June 4 (UPI) -- Italian energy company Saipem may be interested in working in the Iranian energy market despite U.S. sanctions concerns, Iran's energy ministry reported.
Iranian petrochemicals executives meet on the sidelines of the PLAST plastics and rubber exhibition in Milan with executives from Saipem. According to SHANA, the Iranian oil ministry's news website, both sides discussed cooperation in sectors ranging from refining and licensing agreements at various petrochemical facilities in Iran.
"Saipem officials said they were interested in cooperating with Iranian petrochemical companies against feared re-imposition of U.S. sanctions on Tehran after Washington's pullout of the Joint Comprehensive Plan of Action, the nuclear deal Iran clinched with the P5+1 group of countries back in 2015," the SHANA report read.
Iran has been trying to salvage the nuclear agreement with the remaining Chinese, European and Russian parties. U.S. sanctions pressures, however, would make it difficult to maneuver in the Iranian energy space because of the subsequent financial restrictions.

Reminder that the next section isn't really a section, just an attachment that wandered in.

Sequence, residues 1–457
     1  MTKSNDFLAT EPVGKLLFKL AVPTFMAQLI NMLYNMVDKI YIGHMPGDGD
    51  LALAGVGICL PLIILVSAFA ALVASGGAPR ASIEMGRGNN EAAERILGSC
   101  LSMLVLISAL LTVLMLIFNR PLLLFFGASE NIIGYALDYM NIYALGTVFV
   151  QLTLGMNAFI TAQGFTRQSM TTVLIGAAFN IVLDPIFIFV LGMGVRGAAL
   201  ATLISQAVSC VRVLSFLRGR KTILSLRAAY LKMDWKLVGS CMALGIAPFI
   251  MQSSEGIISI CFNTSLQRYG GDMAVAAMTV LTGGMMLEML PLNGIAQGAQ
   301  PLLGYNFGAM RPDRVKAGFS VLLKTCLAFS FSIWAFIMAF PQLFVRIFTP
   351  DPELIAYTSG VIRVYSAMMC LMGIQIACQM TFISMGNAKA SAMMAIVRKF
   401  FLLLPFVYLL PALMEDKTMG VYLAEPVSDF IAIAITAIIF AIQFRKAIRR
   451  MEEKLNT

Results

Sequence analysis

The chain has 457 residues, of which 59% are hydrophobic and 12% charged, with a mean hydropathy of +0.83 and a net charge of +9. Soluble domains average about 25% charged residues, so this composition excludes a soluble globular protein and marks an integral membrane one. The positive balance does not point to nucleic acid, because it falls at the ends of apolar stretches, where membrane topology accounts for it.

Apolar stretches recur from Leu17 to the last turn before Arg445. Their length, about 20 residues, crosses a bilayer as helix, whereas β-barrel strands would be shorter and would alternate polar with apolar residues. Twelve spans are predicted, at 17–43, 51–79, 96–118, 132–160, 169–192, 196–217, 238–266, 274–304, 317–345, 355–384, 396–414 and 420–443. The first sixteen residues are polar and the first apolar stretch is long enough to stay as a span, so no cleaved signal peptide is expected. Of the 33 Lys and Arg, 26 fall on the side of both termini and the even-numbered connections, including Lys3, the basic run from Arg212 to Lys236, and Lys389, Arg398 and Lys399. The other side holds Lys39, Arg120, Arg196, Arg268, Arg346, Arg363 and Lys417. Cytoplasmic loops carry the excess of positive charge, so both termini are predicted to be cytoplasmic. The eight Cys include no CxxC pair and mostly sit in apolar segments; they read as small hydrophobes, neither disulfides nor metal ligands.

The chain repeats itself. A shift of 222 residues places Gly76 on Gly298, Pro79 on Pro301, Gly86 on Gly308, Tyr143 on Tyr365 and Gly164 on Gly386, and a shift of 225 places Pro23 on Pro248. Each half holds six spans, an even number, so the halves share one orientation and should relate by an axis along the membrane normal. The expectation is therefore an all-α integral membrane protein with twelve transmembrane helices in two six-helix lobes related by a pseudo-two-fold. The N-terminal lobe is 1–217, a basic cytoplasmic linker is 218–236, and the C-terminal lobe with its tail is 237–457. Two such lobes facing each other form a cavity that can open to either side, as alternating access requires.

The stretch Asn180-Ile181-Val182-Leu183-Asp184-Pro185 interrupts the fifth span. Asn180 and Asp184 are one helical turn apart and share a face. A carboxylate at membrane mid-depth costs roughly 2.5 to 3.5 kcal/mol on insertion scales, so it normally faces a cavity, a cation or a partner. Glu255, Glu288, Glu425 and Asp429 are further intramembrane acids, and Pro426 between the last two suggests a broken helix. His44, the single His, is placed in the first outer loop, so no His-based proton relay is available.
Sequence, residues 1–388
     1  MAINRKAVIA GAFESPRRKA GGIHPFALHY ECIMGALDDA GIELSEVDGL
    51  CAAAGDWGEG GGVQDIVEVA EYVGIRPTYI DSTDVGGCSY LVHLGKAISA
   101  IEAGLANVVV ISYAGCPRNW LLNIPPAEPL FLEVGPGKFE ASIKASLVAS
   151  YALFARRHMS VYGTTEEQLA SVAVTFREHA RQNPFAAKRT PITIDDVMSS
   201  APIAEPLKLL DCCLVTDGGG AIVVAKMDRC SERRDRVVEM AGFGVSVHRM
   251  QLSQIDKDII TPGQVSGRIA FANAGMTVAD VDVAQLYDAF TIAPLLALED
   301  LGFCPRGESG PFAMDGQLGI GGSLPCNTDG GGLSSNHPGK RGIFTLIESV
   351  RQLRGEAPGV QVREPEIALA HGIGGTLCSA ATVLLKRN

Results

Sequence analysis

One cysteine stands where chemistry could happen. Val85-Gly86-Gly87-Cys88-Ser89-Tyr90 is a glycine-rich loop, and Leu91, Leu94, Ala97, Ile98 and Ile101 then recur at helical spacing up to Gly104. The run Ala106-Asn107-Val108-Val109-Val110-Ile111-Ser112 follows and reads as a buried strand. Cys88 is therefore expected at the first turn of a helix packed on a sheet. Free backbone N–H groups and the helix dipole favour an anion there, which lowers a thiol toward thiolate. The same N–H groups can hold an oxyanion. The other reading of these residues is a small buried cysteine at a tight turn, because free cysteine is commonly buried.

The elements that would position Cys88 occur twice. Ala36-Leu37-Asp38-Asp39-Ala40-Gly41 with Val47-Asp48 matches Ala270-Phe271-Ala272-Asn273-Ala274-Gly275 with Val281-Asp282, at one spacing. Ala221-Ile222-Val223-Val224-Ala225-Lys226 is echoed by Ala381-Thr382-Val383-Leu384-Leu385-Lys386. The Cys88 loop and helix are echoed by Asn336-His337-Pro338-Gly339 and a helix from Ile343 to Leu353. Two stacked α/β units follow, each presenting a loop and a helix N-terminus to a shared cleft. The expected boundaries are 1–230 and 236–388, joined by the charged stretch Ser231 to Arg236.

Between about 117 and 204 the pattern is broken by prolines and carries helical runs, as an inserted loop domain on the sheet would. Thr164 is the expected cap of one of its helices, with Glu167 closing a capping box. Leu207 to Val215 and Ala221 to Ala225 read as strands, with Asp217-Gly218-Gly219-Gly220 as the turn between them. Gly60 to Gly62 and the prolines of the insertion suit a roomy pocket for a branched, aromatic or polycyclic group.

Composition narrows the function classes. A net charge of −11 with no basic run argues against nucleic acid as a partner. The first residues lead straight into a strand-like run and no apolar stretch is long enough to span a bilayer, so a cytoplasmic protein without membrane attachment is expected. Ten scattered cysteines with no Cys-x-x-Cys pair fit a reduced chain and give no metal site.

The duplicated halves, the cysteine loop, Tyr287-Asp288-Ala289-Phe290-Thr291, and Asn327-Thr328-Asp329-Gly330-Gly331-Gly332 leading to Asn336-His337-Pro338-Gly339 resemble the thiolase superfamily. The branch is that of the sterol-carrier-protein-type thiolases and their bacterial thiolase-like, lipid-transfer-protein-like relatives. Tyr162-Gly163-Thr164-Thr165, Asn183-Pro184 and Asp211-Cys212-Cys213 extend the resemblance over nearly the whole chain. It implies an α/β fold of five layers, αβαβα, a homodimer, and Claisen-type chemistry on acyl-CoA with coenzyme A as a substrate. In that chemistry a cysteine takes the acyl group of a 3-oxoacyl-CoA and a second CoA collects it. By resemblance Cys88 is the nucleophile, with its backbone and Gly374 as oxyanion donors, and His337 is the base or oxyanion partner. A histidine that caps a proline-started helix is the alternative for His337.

U.S. President Donald Trump said the deal was flawed and exploited by Iran, though his global counterparts argue it was essential for world peace. Yukiya Amano, the general director of the International Atomic Energy Agency -- the U.N.'s nuclear watchdog -- said Iran was playing by the rules.
"The agency continues to verify the non-diversion of nuclear material declared by Iran under its safeguards agreement," he said in a statement. "Evaluations regarding the absence of undeclared nuclear material and activities in Iran continue."
Trump set a 180-day clock ticking when he pulled out of the JCPOA on May 8 for Iranian oil clients to find other resources. The potential loss of Iranian barrels helped drive oil prices higher in mid May, though Russia and members of the Organization of Petroleum Exporting Countries have hinted more oil could come on the market in the second half of the year to offset any deficits.
Elsewhere, Saipem said Monday it landed a $1.3 billion contract to build export pipelines in the Middle East. Apart from signaling design specifics for the offshore sector, the company gave no other details on the contract.